For most of history, the word 'universe' simply meant 'that which is', and referred to what we can observe in the night sky. It wasn't actually thought to be that large, in universal terms (pardon the pun). Sure, it was always going to be huge, but it was thought that the entire universe was contained within just what we think of as our own galaxy. Indeed, almost all of what can be seen with the naked eye is contained within the Milky Way. Hubble, of course, changed all that in the 1930s, when he demonstrated that some of the things that had been historically observed were too far away to be part of our galaxy, and that it was all rushing away from us. Did the meaning of the word 'universe' change at that point? Of course not! It still meant 'that which is', but it now encompassed a good deal more in our perception, because our understanding of what is had expanded.

So now, we understand that our local cosmic expansion may not be the entirety of 'that which is'. Does that change the definition of the word 'universe'? of course not! The word still means 'that which is', but now it encompasses whatever (if anything) preceded or lies outside of our local cosmic expansion.

In short, there is, and can be, only one universe, because the universe is 'that which is' and encompasses all of existence.

Now, I can hear the objections already, namely that physicists and cosmologists talk about 'other universes' and 'multiverse' all the time, so I should spend a moment addressing that.

The first thing to note is that cosmologists and physicists, unlike evolutionary biologists, are not used to having their words dishonestly equivocated by propagandists for idiotic doctrinal imperatives (not that there is any such thing as a non-idiotic doctrinal imperative).

The second is to note that when cosmologists and physicists write, they tend to write for other cosmologists and physicists and, as such their language is a) geared toward an audience that understands what they mean when they use the word, based on context and b) often lazy. For an example of the latter, one need only look at how popular science authors treat the concept of entropy. Even Brian Greene, one of the few physicists in the vanguard against irrationality, treats entropy as disorder, with very little qualification of what he means, in his book Fabric Of The Cosmos (a thoroughly frustrating book for one who both understands the relevant phenomena and spends time in the demolition of cretinist fantasy (although an excellent read, once that qualification is taken into account)). More on that particular topic HERE.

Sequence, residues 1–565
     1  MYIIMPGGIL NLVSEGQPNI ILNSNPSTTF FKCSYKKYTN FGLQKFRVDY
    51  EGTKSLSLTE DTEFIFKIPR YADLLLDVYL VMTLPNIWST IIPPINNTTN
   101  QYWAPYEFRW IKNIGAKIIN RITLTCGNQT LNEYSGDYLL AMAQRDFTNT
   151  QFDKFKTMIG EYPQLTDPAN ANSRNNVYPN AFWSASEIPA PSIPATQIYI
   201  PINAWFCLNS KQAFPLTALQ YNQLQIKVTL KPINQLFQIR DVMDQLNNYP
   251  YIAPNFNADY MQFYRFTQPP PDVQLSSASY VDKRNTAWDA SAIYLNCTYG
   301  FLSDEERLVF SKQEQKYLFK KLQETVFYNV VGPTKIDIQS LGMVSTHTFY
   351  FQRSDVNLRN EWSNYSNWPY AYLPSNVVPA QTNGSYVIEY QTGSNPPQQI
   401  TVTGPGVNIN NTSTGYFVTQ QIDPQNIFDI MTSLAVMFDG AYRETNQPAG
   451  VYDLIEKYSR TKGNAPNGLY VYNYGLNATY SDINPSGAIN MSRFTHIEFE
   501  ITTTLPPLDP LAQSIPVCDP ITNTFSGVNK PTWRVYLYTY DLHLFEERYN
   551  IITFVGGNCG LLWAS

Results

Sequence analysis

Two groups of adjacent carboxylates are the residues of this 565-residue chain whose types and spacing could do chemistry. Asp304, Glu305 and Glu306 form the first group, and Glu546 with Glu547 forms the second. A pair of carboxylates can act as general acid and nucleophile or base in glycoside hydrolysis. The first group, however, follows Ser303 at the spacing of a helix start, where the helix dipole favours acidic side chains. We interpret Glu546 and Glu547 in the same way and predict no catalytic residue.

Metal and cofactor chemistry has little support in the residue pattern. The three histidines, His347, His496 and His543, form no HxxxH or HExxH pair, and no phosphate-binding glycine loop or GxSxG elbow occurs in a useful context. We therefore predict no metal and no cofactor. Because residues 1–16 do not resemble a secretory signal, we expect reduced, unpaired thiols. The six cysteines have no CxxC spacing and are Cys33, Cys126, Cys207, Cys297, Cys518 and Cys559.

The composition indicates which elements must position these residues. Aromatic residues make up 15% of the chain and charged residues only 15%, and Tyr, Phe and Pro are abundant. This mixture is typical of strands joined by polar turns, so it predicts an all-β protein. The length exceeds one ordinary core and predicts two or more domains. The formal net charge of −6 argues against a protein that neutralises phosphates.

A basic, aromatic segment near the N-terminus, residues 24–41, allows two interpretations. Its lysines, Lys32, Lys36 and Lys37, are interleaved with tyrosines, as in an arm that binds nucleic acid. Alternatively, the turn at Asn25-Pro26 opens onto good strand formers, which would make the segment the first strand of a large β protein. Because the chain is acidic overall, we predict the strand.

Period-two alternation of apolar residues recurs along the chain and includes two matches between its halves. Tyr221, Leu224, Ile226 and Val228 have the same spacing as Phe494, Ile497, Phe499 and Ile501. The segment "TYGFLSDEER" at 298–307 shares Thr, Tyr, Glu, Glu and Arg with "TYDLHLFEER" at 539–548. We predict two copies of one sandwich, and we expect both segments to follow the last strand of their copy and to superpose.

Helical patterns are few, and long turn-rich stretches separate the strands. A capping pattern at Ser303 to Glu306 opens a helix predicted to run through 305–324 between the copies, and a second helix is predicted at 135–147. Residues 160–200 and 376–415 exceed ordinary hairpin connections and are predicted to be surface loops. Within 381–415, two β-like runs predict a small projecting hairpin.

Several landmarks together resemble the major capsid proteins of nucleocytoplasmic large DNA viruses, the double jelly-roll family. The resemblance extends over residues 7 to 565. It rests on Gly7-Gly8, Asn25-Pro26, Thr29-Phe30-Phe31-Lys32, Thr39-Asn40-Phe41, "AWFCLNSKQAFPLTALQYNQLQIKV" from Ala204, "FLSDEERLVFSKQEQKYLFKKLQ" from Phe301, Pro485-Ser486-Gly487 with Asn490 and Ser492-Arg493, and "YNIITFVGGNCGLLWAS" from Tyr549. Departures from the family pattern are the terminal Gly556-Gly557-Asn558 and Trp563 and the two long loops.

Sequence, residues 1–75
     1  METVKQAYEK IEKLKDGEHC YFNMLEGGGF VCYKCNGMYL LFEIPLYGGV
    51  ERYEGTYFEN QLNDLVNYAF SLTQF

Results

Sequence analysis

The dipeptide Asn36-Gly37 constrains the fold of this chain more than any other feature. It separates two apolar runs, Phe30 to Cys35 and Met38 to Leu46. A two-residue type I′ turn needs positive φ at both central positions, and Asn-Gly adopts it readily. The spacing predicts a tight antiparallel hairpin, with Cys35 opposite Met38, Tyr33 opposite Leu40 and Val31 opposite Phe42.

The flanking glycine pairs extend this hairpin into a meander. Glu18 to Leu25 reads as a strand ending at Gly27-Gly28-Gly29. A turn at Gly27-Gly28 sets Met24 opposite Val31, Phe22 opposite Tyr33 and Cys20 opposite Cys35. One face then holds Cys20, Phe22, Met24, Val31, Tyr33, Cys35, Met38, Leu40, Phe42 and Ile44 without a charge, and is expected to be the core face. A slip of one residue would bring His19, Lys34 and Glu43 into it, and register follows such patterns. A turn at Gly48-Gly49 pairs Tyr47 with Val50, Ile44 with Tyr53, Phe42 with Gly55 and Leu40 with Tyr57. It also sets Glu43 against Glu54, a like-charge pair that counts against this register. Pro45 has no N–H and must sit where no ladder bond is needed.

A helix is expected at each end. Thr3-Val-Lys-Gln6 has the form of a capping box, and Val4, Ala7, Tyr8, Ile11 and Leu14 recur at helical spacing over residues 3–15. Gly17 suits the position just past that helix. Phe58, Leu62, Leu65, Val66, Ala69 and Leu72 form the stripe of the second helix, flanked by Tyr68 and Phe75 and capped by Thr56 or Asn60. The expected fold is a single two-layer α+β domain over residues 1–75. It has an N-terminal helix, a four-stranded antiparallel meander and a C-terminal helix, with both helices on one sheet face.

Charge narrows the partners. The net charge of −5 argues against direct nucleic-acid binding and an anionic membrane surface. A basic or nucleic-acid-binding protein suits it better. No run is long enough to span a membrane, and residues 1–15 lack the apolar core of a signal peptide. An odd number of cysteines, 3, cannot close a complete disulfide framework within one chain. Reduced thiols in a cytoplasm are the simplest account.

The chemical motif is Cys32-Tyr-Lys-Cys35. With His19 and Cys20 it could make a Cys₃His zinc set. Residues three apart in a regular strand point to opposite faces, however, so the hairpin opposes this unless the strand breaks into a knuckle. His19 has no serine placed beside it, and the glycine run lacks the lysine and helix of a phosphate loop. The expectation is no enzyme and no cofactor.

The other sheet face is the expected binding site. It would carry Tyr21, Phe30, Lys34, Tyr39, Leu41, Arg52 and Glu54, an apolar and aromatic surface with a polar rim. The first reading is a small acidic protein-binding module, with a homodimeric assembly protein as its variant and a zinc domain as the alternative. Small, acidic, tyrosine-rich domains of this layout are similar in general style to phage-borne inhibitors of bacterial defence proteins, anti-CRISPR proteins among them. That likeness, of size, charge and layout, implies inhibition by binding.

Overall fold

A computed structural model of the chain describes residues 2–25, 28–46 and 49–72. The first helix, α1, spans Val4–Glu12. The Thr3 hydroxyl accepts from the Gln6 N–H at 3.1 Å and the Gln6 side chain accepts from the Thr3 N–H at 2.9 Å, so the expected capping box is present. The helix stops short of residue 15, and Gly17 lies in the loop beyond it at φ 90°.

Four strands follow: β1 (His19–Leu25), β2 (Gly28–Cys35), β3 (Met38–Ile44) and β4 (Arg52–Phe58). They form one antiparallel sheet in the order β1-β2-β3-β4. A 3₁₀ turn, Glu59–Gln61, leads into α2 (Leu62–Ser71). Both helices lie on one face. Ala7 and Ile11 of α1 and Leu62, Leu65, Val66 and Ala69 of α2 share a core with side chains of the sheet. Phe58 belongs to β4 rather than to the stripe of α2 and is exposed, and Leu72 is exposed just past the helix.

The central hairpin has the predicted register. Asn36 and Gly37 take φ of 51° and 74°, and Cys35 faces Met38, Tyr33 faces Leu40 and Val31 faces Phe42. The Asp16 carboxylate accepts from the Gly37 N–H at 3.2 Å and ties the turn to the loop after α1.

Since even in the most basic definition of the word 'universe', one finds 'the entirety of time and space', and since it is far from clear that time began at the big bang (I will be happy to expand on this on request), and since, in fact, we have models on the table that deem time to be eternal (not least the two front-runners), then the most that can be said is that our local cosmic expansion arose from the big bang, not the universe. Indeed, the standard big bang model doesn't even deal with the beginning of our local cosmic expansion, because it only deals with a finite time after the beginning of expansion. It cannot extend (for the moment) beyond the Planck time, 10-43 seconds after the beginning of expansion. Further, one of the models on the table actually deals with some of the problems of the standard big bang model, and it is one of the aforementioned front-runners.

What all of the above should make clear is that our language is often insufficient to deal with the deep principles of what constitutes the universe, and how careful we have to be when dealing with the jackboots of doctrinal imperatives. This is not a failure of understanding, but a failure of language. It is precisely for this reason that I am such a pedantic cunt, and why semantics, oft-maligned and dismissed as irrelevant, is so important. Semantics is the heart of communication, and in my opinion, any dismissal of an argument based on the idea that 'it's just semantics', is not just fallacious, but indicative of a failure to think critically.

That should suffice for now. Now I'm going to go back and deal with the presentation that Murshid posted, since I haven't spent any time debunking the Kalam fallacy for a while.
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Re: "Richard Dawkins Gets ripped to shreds by Dr. Turek"

#66  Postby hackenslash » Apr 03, 2011 7:30 am

Whatever begins to exist has a cause of its existence.


This would be all well and good if we could point to something that actually began to exist. Since, however, we can point to no such entity, and since all we have ever observed is changes in state, further supported by the first law of thermodynamics, this constitutes a rectally extracted blind assertion. In short, it is the assertion that all members of a set which, as far as can be ascertained, has no members, all share a particular property additional to its membership of the set. It is precisely equivalent to the statement 'all moons that are made of cheese are made of roquefort'.